By Show and Tell
By Bree Davies
By Bree Davies
By Cory Casciato
By Emilie Johnson
By Robin Edwards
By Bree Davis
By Josiah M. Hesse
The scene is a flowery, chintzy little apartment; a woman is reading on the couch, a man writing at a desk. Pretty soon they're bickering. They rehash past relationships and their own history (they seem unable to agree on how they came together), discuss and dismiss the possibility of a fast roll in the hay, and argue about who loves whom the most. Exasperated, the woman begins slapping the man; they fight; she fixes him in a headlock, screaming "Kill! Kill! Kill!" But when the whirlwhind of action is over, it's the woman who lies on the ground, stone-cold dead.
Panicked, the man -- Tom -- places calls to a doctor, his agent (Tom's a playwright) and the police. The cop who responds turns out to be an old friend, Bert. Tom offers Bert several versions of what has just transpired, varying the truth for dramatic effect each time. Somehow Bert becomes complicit in the crime -- if a crime it was. A second woman enters. Within minutes, and through no fault of either Tom's or Bert's, she, too, is dead. It seems no woman can survive a visit to this apartment. Given the number of brutalized and murdered women in the news these days, the plot of The Unvarnished Truth could be troubling, but Royce Ryten's script is so daffy that it's impossible to moralize about it.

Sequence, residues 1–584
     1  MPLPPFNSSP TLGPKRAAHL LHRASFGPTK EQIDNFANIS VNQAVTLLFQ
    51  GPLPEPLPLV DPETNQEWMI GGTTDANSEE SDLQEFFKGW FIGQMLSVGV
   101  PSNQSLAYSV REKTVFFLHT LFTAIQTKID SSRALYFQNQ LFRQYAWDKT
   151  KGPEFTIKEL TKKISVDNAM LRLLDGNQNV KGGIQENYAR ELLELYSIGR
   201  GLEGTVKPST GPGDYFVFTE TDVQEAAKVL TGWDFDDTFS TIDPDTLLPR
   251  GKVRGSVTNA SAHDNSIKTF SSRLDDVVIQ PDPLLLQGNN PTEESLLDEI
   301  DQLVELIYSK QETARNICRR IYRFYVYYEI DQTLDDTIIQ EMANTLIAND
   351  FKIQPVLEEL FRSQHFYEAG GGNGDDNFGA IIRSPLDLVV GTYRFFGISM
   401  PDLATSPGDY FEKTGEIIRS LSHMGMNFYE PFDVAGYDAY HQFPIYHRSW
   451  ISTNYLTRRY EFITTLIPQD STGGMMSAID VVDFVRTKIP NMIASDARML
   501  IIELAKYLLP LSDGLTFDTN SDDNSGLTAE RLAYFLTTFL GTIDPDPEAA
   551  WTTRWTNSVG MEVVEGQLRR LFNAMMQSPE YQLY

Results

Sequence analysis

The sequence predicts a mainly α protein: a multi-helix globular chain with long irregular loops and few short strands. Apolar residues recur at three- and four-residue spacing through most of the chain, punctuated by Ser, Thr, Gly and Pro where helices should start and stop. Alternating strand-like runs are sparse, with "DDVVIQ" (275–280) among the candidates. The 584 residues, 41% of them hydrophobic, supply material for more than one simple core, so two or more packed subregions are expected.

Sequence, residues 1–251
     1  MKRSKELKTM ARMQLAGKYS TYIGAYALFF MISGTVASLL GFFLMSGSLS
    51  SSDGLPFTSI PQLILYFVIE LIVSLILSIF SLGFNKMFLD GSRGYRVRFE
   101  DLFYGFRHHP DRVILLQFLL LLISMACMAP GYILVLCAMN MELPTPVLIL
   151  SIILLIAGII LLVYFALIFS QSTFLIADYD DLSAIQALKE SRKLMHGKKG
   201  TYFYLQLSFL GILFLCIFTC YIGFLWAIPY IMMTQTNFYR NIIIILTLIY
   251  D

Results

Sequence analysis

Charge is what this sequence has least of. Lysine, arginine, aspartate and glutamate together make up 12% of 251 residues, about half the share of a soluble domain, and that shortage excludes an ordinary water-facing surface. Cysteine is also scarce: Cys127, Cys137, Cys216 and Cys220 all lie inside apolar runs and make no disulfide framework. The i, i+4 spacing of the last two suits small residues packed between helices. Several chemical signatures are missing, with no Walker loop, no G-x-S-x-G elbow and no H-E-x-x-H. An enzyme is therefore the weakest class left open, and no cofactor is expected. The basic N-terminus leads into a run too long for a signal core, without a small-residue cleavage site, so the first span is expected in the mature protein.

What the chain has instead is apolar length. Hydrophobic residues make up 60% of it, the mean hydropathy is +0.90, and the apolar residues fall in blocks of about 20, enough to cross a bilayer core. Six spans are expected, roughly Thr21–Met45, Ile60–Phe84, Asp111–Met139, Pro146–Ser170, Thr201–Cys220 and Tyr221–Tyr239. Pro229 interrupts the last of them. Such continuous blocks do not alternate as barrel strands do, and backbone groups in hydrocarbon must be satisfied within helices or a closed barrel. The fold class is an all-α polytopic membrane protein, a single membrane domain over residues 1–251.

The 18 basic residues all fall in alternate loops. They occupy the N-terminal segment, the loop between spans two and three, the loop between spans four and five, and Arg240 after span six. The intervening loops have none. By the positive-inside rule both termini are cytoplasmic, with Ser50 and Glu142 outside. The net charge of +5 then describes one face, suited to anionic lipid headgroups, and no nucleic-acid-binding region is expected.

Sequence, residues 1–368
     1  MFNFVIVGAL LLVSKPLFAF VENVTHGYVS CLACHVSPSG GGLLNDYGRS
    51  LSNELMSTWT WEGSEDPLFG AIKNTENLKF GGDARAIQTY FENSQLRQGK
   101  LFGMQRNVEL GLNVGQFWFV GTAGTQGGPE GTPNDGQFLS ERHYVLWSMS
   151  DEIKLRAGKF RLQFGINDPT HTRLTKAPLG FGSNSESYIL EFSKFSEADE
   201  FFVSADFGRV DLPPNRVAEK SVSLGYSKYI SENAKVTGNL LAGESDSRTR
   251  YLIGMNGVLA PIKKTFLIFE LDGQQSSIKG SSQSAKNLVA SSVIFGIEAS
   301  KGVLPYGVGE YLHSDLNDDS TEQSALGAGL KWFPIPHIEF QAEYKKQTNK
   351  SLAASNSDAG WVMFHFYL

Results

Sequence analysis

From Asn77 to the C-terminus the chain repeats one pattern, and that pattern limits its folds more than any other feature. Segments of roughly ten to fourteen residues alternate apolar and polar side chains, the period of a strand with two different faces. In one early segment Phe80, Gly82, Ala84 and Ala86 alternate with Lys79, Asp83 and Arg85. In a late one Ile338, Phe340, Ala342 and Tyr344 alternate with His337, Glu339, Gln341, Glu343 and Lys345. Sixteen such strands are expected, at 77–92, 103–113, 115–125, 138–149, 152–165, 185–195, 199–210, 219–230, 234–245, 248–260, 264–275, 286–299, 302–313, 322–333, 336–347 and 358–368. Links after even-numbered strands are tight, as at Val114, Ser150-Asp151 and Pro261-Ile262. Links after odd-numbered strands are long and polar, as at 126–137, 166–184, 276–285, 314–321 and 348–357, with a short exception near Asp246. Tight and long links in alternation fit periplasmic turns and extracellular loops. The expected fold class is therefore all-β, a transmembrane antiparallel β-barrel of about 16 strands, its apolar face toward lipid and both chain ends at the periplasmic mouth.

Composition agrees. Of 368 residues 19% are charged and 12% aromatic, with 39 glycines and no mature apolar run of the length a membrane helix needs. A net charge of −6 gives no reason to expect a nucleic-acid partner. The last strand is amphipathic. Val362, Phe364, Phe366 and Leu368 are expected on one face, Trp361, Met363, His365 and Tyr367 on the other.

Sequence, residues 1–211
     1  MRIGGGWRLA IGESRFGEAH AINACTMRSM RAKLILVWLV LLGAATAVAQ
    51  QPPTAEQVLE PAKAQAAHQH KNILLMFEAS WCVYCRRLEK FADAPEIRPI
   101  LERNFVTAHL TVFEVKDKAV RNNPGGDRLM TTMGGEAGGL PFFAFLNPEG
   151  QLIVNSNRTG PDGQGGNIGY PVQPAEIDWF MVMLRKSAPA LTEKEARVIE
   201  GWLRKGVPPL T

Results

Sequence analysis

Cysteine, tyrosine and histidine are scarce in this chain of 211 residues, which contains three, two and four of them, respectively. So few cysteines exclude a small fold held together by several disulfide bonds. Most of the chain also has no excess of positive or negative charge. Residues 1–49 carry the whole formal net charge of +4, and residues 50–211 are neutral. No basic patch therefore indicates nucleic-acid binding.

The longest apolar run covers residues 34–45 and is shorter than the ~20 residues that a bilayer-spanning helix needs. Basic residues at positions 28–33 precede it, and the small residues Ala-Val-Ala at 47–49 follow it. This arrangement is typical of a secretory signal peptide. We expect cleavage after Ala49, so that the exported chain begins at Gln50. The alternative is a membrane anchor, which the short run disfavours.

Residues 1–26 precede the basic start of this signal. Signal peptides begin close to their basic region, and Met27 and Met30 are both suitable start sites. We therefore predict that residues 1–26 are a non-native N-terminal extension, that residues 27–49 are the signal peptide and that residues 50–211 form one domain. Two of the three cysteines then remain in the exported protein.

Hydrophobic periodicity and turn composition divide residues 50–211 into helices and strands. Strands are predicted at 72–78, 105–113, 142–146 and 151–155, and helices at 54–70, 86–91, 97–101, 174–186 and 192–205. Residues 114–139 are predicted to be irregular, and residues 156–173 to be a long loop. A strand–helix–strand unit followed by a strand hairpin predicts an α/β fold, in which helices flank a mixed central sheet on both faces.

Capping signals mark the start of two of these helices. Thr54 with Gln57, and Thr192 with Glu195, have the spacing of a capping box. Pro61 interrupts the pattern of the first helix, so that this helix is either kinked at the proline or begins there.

The female corpses pile up. The number of panicked men occupying the apartment multiplies. The situation gets more and more out of control.
Ryton's 1978 farce is in good hands at Germinal Stage, where director Ed Baierlein presented it once before, in 1984. Baierlein handles the frantic comings and goings of the play expertly, and his cast gives its collective all. As Tom, Step Pearce is called on to pretty much carry the evening. He's never off stage, and he's always in agitated motion. Pearce has a mobile face and an easy, goofy physicality. His voice slides quickly and easily from tones of calm reason to hysterical laughter, from hectoring to seduction. As Bert, Jim Miller provides mildly understated support for some time, until his own brand of hysteria overcomes him. Then there's David Quinn as the agent, Bill, calmly pronouncing Tom's description of the night's events trite and formulaic, and the police lieutenant, played by Stephen R. Kramer, who enters as the calm, brave but kindly cop we've all seen on television, only to be reduced to blithering impotence. In fact, one of the funniest things about the evening is watching the sequential disintegration of each of these men.
Suzanne Frisch is a gutsy Annabel, and Tara M.E. Thompson deploys a shrill-edged laugh as her mother. It seemed to me that Suzanna Wellens could have plumbed the depths of the deplorable Schnitzwacker more deeply, though her snorts make up for much. Anne S. Myers is a delight in the small role of Isabel.
As a reviewer, one experiences many different kinds of evenings in the theater. Some plays have huge production budgets; in some cases, it's just the playwright's pretension or the director's ego that's huge. What a pleasure, then, to settle down among the faithful in one of Germinal Stage's well-worn wooden seats -- so close to the actors you can see the perspiration beading their foreheads -- and enjoy a skillfully staged evening of full-throated laughter.